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NEWS | April 17, 2018

Army Reserve, National Guard team up for CBRN exercise

By Staff Sgt. Carolyn Hawkins 318th Press Camp Headquarters

The morning sun rose over MUTC and the windy mid-April day heated up to a sunny 77 degrees. Displaced civilian role players arrived to the mass casualty decontamination line from various search and rescue sites at Guardian Response 18 exercise, requiring assistance from military personnel there.

U.S. Army Reserve and Army National Guard combat medics and chemical, biological, radiological and nuclear specialists triaged displaced civilian role players at the MCD site during a CBRN training scenario there.

Guardian Response 18 is a multi-component training exercise in which all three Army components worked together to respond effectively to a notional chemical, biological, radiological, and nuclear event. In this scenario, a 10-25 kiloton nuclear device went off in a U.S. town. The Army Reserve units established a mass casualty decontamination line and began treating the casualties in support of civilian authorities.

Leaders from the training audience stated that both the Army Reserve and the Army National Guard are important components to Guardian Response 18. The Army Reserve works at a more federal level, while the Army National Guard works at a local level.

“For my part, I can say that my counterpart who does MCD in the National Guard, we have a pretty good relationship,” said 1st Lt. Nicholas Taillon, commander of the U.S. Army Reserve’s 414th CBRN Company from Orangeburg, S.C. “We keep in contact regularly even though we only see each other one time a year.”

They both work together, along with local responders, to make the mission a success.

“The local responders, firefighters or (Hazardous Materials) team don’t have the same depth of funding that the Reserve has,” said Taillon, “so in the event that there is something catastrophic that happens, it overwhelms them and we have that capacity to respond anywhere in the United States with greater resources, --- and personnel strength. We can assist them with that and be available.”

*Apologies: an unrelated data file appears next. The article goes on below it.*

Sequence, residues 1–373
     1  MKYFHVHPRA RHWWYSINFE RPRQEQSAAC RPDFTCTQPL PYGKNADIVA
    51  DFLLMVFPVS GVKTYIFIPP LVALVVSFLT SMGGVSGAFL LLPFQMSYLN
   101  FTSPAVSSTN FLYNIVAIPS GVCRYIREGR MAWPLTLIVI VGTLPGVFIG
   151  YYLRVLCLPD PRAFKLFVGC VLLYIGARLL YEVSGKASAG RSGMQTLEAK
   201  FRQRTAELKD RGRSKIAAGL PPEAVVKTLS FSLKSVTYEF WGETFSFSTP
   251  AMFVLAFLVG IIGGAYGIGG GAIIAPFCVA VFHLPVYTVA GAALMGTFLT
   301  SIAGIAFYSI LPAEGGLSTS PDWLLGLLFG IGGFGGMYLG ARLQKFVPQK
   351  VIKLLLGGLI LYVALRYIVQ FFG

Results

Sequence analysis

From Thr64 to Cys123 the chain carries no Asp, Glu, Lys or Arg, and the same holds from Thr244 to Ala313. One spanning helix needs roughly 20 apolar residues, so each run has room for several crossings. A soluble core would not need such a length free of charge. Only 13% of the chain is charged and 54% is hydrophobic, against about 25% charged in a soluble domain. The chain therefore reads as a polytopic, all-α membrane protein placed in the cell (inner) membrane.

First Lt. Michael Fedner, from the Army National Guard’s 231st Chemical Company in Reisterstown, Md., who is in charge of the National Guard team at the mass casualty decontamination line, has been with the unit for nine years.

“In a real-world scenario, the Command and Control Chemical, Biological, Radiological, Nuclear Response Element-A [Army Reserve] are called up first, then the National Guard follows on after that. That’s due to the framework, so realistically the Reserve would set up this decontamination line and we would come in as relief-in-place,” said Fedner.

They can only operate for about 12 hours, so the National Guard comes in to relieve them. Then (the Army Reserve) can rest before they come back, he added.

“We were responding to a casualty event that occurred inside of the United States, at the back (of the MCD line) with the Army National Guard 251st Area Support Medical Company to treat patients and bring them the best care we can,” said Sgt. Kyle Everett, a combat medic with the 251st ASMC, who was triaging and treating patients in the ambulatory tent.

Many Soldiers feel that MUTC is a great place to train because of its realistic environment.

“MUTC is one of the best training facilities I’ve been to especially for the mission we have to where you actually feel like you’re in that situation,” said Everett.

Spc. Michael Lee, another combat medic with the 251st ASMC said he has learned a lot from the training.

Army National Guard Maj. Brian Casey, a field surgeon with the 251st ASMC, also spends a lot of his time in between exercises to train Soldiers with his medical knowledge, said Lee.

“I love the training,” said Lee. “It really benefits us.”